A Legend Leaves: Chuck Daly, the former coach of the Detroit Pistons, passed away Saturday morning at the age of 78 after a brief battle with pancreatic cancer. Even though he coached the Bad Boy teams in Detroit, there might not have been a nicer guy around the league. Daly never big timed anyone. He knew who he was and what he had done. He just didn’t make himself out to be bigger than anyone else. As a member of the media, he was a refreshing guy to cover. He was genuine, which is a quality a lot of people in the sports world lack.
 
I’ve been thinking about what Daly did in his career. I’ve been trying to figure out (in my mind) what his biggest accomplishment was. Some people say it was coaching The Dream Team to gold in 1992. I say it was leading the Pistons to titles in 1989 and 1990.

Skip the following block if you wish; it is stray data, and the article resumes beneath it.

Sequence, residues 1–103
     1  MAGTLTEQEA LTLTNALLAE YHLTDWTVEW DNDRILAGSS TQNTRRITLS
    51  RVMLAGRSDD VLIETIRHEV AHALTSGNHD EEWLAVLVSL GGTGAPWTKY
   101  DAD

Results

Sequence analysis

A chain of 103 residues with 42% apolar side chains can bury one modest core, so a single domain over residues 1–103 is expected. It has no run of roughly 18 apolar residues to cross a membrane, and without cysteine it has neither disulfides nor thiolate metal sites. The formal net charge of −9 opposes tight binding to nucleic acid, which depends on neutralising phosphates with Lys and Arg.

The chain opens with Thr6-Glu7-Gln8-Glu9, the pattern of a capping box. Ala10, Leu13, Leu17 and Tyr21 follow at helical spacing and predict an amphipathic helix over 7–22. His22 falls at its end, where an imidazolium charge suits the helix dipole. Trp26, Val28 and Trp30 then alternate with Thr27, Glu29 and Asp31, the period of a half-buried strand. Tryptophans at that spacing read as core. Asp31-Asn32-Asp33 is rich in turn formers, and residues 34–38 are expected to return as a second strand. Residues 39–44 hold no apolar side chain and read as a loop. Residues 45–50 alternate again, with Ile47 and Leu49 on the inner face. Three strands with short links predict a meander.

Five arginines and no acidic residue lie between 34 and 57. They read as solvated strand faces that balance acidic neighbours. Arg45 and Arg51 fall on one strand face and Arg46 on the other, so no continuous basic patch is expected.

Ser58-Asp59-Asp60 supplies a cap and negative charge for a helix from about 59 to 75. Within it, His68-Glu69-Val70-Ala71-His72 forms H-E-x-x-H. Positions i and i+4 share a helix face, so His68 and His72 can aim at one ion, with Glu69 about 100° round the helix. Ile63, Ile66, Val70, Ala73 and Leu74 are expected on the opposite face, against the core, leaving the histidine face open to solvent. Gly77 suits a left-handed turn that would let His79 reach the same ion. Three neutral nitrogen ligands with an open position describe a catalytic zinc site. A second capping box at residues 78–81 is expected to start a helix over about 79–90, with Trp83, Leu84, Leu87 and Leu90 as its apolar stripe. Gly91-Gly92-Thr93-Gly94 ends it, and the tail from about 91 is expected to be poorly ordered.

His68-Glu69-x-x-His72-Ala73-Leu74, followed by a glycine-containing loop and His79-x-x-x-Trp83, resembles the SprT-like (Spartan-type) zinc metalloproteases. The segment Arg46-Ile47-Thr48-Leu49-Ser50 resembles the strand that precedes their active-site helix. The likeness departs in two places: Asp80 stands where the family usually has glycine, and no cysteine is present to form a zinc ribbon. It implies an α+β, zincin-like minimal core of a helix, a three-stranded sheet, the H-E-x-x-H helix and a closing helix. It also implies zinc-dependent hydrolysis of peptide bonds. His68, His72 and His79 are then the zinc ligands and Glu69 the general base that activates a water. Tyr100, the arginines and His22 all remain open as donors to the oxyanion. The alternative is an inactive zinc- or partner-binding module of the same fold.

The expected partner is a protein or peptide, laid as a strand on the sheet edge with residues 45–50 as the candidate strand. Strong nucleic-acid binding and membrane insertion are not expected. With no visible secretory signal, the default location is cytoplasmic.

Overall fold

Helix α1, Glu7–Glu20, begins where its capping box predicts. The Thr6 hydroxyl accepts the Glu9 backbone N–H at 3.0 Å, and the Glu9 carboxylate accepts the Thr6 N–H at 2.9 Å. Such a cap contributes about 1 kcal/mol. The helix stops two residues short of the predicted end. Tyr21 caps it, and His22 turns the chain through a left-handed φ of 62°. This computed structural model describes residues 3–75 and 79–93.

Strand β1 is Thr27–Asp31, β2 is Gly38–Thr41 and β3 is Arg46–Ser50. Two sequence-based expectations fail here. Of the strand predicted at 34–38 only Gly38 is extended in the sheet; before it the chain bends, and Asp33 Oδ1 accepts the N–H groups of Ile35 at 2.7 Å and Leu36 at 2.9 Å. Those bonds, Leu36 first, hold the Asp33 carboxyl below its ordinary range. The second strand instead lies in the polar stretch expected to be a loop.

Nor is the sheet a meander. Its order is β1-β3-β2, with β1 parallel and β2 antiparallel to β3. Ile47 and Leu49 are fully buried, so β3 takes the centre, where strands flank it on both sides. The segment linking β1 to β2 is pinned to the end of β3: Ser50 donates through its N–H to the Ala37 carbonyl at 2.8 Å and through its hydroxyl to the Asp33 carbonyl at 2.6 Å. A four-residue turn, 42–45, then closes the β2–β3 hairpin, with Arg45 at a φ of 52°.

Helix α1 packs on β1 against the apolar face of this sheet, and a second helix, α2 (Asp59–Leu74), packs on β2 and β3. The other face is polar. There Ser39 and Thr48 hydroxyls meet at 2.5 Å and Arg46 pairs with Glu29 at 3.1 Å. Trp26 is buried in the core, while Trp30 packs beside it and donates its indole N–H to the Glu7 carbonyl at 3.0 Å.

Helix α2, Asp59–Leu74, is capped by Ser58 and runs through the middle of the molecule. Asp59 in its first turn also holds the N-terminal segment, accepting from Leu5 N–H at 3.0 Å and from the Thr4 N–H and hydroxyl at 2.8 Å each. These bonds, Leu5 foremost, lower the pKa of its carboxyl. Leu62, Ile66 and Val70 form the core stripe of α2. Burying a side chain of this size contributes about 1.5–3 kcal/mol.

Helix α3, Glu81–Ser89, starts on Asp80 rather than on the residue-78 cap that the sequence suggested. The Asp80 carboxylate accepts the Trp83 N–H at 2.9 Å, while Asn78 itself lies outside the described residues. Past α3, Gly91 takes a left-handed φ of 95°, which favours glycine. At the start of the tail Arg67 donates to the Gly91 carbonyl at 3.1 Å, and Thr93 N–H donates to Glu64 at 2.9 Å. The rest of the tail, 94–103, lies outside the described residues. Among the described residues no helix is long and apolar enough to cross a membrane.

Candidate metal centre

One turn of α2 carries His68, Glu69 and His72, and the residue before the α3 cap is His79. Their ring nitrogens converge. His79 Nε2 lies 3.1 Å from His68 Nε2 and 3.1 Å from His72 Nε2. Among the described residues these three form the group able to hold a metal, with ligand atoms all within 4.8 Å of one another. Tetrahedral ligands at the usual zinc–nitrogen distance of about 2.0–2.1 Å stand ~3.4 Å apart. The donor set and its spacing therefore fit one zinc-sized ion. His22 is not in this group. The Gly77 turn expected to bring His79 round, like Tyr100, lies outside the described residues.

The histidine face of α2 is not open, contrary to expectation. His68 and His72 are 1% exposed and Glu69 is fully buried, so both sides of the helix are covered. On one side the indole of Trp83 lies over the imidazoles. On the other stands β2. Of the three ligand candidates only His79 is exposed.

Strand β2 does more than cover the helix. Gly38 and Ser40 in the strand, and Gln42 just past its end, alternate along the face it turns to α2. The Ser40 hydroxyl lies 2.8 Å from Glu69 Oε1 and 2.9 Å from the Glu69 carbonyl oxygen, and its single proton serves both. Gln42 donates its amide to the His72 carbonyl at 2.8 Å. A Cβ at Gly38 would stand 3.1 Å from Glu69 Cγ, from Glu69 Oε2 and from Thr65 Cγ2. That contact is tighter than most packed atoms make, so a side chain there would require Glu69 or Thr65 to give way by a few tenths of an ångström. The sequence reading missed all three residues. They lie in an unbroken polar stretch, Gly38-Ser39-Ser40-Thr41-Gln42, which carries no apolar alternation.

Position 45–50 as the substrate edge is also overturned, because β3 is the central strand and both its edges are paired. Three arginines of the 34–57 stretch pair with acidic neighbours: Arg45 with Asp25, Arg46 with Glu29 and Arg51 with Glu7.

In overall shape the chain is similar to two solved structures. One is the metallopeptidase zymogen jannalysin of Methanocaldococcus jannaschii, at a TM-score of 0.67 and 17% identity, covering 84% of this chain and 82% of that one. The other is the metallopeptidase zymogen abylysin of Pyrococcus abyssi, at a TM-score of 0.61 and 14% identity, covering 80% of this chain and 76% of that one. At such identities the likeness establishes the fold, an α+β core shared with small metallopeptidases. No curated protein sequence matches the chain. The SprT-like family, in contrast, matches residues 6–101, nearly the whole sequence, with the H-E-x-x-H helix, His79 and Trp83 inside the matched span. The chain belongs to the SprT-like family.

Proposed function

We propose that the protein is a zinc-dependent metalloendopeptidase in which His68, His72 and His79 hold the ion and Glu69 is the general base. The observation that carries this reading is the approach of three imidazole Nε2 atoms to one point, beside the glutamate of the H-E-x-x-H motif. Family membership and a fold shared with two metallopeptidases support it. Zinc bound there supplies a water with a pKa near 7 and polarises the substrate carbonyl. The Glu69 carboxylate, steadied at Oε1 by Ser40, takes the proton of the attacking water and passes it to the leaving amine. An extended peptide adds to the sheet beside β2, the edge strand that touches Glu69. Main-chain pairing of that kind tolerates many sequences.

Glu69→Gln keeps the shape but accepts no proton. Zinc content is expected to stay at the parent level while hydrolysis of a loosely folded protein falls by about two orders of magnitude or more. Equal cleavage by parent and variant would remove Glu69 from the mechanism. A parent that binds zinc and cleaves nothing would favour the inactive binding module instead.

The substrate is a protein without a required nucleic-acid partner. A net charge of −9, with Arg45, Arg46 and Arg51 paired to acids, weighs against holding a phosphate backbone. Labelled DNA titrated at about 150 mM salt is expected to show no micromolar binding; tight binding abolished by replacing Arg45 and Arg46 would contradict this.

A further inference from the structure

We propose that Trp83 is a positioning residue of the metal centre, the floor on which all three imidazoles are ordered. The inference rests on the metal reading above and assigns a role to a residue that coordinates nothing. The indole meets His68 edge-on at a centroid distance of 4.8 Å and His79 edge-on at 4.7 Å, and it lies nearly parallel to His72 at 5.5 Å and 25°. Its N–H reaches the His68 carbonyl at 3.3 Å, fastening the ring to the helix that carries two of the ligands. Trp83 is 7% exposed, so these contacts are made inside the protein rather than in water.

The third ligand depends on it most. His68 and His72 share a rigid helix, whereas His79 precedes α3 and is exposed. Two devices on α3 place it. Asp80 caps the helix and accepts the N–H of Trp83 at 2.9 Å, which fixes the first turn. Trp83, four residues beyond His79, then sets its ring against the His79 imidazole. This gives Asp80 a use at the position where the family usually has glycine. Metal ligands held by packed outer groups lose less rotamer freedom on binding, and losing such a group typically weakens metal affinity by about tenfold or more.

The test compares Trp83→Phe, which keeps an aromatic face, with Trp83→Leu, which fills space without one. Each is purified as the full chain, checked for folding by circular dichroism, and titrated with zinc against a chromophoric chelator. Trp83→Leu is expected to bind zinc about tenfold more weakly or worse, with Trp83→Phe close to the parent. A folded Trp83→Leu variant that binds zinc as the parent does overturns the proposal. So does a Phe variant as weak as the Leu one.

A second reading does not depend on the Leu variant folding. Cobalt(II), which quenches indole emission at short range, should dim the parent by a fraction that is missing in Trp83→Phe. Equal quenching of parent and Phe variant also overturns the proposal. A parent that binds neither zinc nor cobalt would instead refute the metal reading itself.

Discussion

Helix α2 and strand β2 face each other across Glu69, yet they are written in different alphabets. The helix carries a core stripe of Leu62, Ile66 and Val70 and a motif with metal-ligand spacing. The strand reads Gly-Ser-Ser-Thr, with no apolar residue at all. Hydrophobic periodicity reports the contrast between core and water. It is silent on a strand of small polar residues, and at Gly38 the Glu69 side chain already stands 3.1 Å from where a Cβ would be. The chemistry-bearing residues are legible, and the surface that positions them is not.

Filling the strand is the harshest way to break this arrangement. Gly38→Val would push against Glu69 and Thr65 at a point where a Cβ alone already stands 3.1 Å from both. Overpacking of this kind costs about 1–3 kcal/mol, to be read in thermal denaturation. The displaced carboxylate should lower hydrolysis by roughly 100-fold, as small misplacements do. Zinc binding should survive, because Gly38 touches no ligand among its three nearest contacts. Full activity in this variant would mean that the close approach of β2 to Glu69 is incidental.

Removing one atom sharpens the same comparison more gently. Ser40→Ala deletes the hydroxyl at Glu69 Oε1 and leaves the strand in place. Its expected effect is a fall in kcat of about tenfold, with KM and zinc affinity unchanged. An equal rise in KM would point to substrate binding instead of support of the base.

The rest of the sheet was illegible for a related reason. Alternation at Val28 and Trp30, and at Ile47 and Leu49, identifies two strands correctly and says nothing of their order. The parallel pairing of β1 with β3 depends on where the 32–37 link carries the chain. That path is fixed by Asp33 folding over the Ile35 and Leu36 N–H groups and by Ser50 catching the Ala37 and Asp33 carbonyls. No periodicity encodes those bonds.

No offense, but a lot of people could have coached The Dream Team to a gold medal. But, it took someone special to coach those Pistons teams to championships. First of all, they had to get by Larry Bird’s Celtics and Michael Jordan’s Bulls just to get to the Finals. Then they had to get by a Magic Johnson led Lakers squad.  They had to beat an underrated Portland team, too.
 
Daly also has to manage some pretty diverse personalities. Bill Laimbeer was never Mr. Warm and Fuzzy. Dennis Rodman spent a lot of time on his own planet. Then there was Isiah Thomas, John Salley, Joe Dumars, and Vinny Johnson. Daly got them all to work together, which wasn’t an easy thing to do.